(Ottawa) The three opposition parties in the House of Commons have in turn criticized the Trudeau government for putting the cart before the horse by restoring funding to Hockey Canada.
“They’re not there yet, Hockey Canada. They currently have 90 million in their bank account. […] They have made progress, but there is still a lot of work to do. It was just premature,” Tory MP and former sports commentator Kevin Waugh said on Monday as he arrived in the House of Commons.
Mr. Waugh, who says he is “totally surprised” by Ottawa’s decision, believes that Hockey Canada should have waived confidentiality agreements with alleged gang rape victims in order to receive federal funds, agreements that should be banned in all sports organizations in the country.
On Sunday, Sports Minister Pascale St-Onge announced that Hockey Canada is back in the government’s good graces as its three conditions have been met, including becoming a full signatory to Sport Sans Abuse and the Office of the Integrity in Sport (BCIS).
Hockey Canada also had to review and implement the recommendations of an independent governance review, led by retired judge Thomas Cromwell, as well as commit to reporting more frequently to Ottawa.
Questioned by reporters on Monday, the minister explained that she makes decisions “based on the well-being of the athletes” and that “the goal has never been to destabilize the Hockey Canada organization forever”. She said she instead wanted to send a signal to senior management that she no longer has the government’s trust.
As for confidentiality agreements, Ms. St-Onge says the government is looking into it and “not just for Hockey Canada, but for all sports organizations that are supported by the federal government”.
The Bloc Québécois believes that Ottawa should have waited for an independent public inquiry – unanimously demanded by the House of Commons – and a report from the committee on the status of women.
“It feels rushed to me. […] If we want to bring back a healthy and safe sports culture in Canada, we must be able to fully shed light on the various alleged facts,” said Bloc Sports spokesperson Sébastien Lemire.
According to him, Hockey Canada hasn’t demonstrated “a profound culture change in four months” since the organization elected a new board of directors after the previous one resigned en masse and became mired in scandals. , being accused of having tried to protect players who participated in gang rapes.
Ottawa’s decision comes at “a funny time,” added Andréanne Larouche, the Bloc’s spokesperson for Status of Women and Gender Equality, who sits on a parliamentary committee preparing recommendations. for the Minister of Sport, particularly regarding Hockey Canada.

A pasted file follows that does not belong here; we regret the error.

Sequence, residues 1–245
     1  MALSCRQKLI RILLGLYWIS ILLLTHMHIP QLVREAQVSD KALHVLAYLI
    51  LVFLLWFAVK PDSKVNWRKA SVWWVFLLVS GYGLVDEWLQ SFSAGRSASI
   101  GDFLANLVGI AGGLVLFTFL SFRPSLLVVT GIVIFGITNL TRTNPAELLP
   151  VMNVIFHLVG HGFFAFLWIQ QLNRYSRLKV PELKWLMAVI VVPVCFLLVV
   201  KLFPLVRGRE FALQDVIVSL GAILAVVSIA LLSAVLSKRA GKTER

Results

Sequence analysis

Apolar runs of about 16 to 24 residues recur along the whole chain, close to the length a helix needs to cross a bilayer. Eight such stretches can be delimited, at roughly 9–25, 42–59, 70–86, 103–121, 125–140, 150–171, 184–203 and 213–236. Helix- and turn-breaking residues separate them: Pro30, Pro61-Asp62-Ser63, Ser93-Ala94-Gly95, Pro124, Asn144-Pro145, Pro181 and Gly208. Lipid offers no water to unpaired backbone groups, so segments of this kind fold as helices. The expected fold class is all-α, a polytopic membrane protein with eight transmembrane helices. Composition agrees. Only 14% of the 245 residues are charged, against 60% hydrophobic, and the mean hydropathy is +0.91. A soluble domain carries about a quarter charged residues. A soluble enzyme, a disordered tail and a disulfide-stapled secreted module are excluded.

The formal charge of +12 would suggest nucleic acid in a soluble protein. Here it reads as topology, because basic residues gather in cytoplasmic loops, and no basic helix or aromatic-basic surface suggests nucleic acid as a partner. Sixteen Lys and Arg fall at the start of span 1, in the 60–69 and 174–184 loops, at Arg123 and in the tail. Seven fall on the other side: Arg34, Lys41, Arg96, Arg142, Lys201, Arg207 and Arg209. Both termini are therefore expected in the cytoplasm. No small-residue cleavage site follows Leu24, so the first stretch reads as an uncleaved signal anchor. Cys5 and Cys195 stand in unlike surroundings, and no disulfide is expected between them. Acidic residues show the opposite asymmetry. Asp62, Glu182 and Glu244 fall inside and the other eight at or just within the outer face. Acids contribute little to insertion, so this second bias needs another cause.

“We did the study. The report is coming. We should have waited for this report, she said sorry. The victims expressed their doubt [about the BCIS], the limits of that office. And even, it’s not nothing, two thirds of the complaints that are rejected, it means that the victims do not have confidence. »
New Conservative Party MP Peter Julian also called Ottawa’s decision “premature” especially since Hockey Canada “promised” to waive confidentiality agreements with the alleged victims and did “nothing”. “.
“And here we see today that they are receiving a reward award from the Government of Canada that restores the funding, even though all the obligations and all the promises that Hockey Canada has made have not been fulfilled”, s is he insurgent.
According to him, Ottawa sends the following message: “make promises as you want, you are not bound to fulfill these obligations and the federal government will fund you anyway”.
In the morning, Prime Minister Justin Trudeau explained that he looks at the whole thing as a parent whose “one son who has been playing hockey for several years and another who could well get into it”.
“We need to know they are safe. We need to know that the mentality has changed, that the culture is being addressed,” he insisted in an English response.
Trudeau said the government made Hockey Canada “extremely clear” expectations before re-funding it.
“They have shown a real desire to move forward, but we will continue to be extremely vigilant to ensure that they continue to be worthy of the trust that millions of Canadians place in them as we encourage our kids to play sports and specifically hockey,” he added.